When we ask someone to pray for us, we are putting ourselves out there. We are admitting to the places we have fallen short. To do that requires us to be vulnerable and admit that we are not perfect. In a world that demands perfection, to admit to imperfection is a risk. When the person doing the praying actually prays, they may not be “in the moment” and instead focusing too much on the words. Are we saying the right thing? Is this what the person needs or wants? Instead, we should just say what is in our hearts and let the Holy Spirit do the rest. There are times that I have prayed “God, I don’t even have the words or know how to begin…” and then pray.

Like I said, praying is an intimate act. I think that alone can make it feel uncomfortable. Not uncomfortable in a bad way, but uncomfortable like fidgety. That intimacy is humbling. For people to share holy moments with one another is humbling and also awe inspiring. You might think it is easy for someone like me, who practically prays for a living, to pray out loud. And, you’d be wrong. Well, kind of. There are times when it’s very easy for me to pray out loud. Before a meal? Sure! Every Sunday up here? Yep! But, when it’s a personal relationship, it can be difficult. As you all know, Chris has been having a lot of back pain and will now have surgery on Tuesday. Earlier last week he was in a lot of pain, couldn’t get comfortable, and was just generally miserable. We laid in bed, quiet. I heard him breathing and also holding his breath. I grabbed his hand and said “I’m going to pray for you.” I took a big breath and remained silent. I was nervous. I didn’t know what to say. There was a lot riding on this prayer. I wanted my words to mean something. I wanted my words to bring relief. I wanted my words to deliver a message of love. When I finally relaxed after about 30 seconds (which actually felt more like 5 minutes) I remembered that it’s not about me. A prayer is simply a conversation with our best friend, our loving parent, our most trusted confidant. Words don’t matter in this case. What matters is that we trust in God enough to speak our most personal thoughts.

Jesus prayed. Just saying that is amazing. Jesus prayed. Even Jesus himself called on God in hope, in joy, in pain, in suffering, in confusion, in all circumstances of life. Jesus prayed. And so often when Jesus prayed, he did so out loud. Jesus gives us an example of what it looks like to be vulnerable, to be exposed, to be needy (so to speak). And yes, we aren’t Jesus. But, in following Jesus’ ways, we may be bold enough and brave enough to not only pray, but to pray out loud. Praying for someone is a gift. Being prayed for is a gift. Prayer is one of the ways that we can be in communion with God. How is your life different in knowing that God prays for you, God is protecting you, God is guiding you? When someone else prays for us, it is almost like a love letter from God.

The thing about praying out loud is that we’ll never have the “right” words (whatever the right words are). It may always feel vulnerable. We may have problems getting out of our own head. But all that matters to God is that we do it. We are made and created to be the community of God together. Part of being in community with one another is speaking when others don’t have the words. To pray for one another not only is a gift, but sometimes it is a requirement. If you have ever been in a situation where your emotions or the situation is just too much that you don’t have the words to express your status, to have someone pray for you is a gift. Prayer is powerful. Prayer can change lives. Prayer can bring peace and comfort. Prayer is a gift. I would encourage you to give the gift of prayer to others. And if that idea is still to overwhelming, give the gift of prayer to yourself. Pray out loud for yourself. God is always listening.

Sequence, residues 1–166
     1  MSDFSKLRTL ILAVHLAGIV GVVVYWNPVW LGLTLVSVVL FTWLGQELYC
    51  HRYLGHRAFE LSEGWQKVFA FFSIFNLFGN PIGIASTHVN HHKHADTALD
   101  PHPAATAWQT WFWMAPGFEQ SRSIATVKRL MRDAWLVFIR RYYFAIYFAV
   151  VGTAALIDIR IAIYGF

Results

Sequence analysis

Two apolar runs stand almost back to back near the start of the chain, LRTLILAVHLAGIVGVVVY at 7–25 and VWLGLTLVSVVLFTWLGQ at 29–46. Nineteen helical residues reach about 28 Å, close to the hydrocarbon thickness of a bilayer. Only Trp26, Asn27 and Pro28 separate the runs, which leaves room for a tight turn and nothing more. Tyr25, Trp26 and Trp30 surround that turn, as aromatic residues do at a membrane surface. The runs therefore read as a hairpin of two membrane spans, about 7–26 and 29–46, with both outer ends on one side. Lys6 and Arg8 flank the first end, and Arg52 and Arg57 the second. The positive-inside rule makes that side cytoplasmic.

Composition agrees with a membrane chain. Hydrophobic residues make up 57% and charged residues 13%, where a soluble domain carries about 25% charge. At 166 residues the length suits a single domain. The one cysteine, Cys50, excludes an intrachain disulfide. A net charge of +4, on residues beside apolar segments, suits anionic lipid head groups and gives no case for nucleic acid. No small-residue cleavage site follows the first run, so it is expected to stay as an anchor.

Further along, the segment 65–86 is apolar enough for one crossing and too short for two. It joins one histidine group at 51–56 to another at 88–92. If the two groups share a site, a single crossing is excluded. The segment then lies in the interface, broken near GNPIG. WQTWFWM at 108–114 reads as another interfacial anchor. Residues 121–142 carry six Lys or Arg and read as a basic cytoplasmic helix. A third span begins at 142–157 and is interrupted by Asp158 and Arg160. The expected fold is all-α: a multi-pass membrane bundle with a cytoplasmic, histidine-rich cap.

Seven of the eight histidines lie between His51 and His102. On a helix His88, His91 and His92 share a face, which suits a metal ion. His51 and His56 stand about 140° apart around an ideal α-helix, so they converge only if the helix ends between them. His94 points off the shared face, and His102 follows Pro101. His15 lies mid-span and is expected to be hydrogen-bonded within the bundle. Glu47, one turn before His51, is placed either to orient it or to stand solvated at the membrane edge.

Sermon for 5/6/18 John 15:9-17

Very rarely do we receive anything without a catch or strings attached. Sometimes we receive things with strings attached we didn’t even want (“call now and receive a second set of knives absolutely free!”) But there are very few things in life that come without any expectations at all. If you have a child or have children in your life and they are on a kick of being extra nice or sweet, what is our first reaction? “What do you want?” If you’ve ever been in love or if you recall that time when you were falling in love, there might have been an anxiety surrounding actually saying “I love you.” The anxiety of saying it was bad; the uncertainty of having it said in return was almost worse! The expectation is that if you say “I love you” that someone else will say “I love you too.” When you’re newly in love, that’s a challenging barrier to cross. It’s unfortunate that sometimes when we hear someone say “I love you” that we’re waiting for the other shoe to drop. As in “I love you… can you loan me $20.” Or “I love you…please let me drive.”

So maybe it is because of that, we have a difficult time with the idea of abiding in Christ’s love. Perhaps we’re waiting for the other shoe to drop. Maybe we’re waiting for the catch. We may even resist abiding in Christ’s love because we honestly don’t have anything to give in return. But isn’t that how our relationship with Christ sometimes works? Maybe you’ve never thought of it that way. But it may just be possible that Christ gives us what we need when we need it. All things on God’s time. So when we are invited to abide in Christ, it is most likely because that is exactly what we need.